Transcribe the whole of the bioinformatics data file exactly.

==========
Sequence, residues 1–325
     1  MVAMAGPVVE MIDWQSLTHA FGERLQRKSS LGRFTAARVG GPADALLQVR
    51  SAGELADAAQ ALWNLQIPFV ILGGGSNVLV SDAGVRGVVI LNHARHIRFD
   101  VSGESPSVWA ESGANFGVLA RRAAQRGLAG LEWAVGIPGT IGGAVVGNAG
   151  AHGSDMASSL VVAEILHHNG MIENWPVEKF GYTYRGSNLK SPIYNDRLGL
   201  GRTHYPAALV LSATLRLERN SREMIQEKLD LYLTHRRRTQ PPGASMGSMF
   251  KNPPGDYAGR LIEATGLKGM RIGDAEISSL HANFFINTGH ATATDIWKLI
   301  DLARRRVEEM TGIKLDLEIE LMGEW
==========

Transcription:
Sequence, residues 1–325
     1  MVAMAGPVVE MIDWQSLTHA FGERLQRKSS LGRFTAARVG GPADALLQVR
    51  SAGELADAAQ ALWNLQIPFV ILGGGSNVLV SDAGVRGVVI LNHARHIRFD
   101  VSGESPSVWA ESGANFGVLA RRAAQRGLAG LEWAVGIPGT IGGAVVGNAG
   151  AHGSDMASSL VVAEILHHNG MIENWPVEKF GYTYRGSNLK SPIYNDRLGL
   201  GRTHYPAALV LSATLRLERN SREMIQEKLD LYLTHRRRTQ PPGASMGSMF
   251  KNPPGDYAGR LIEATGLKGM RIGDAEISSL HANFFINTGH ATATDIWKLI
   301  DLARRRVEEM TGIKLDLEIE LMGEW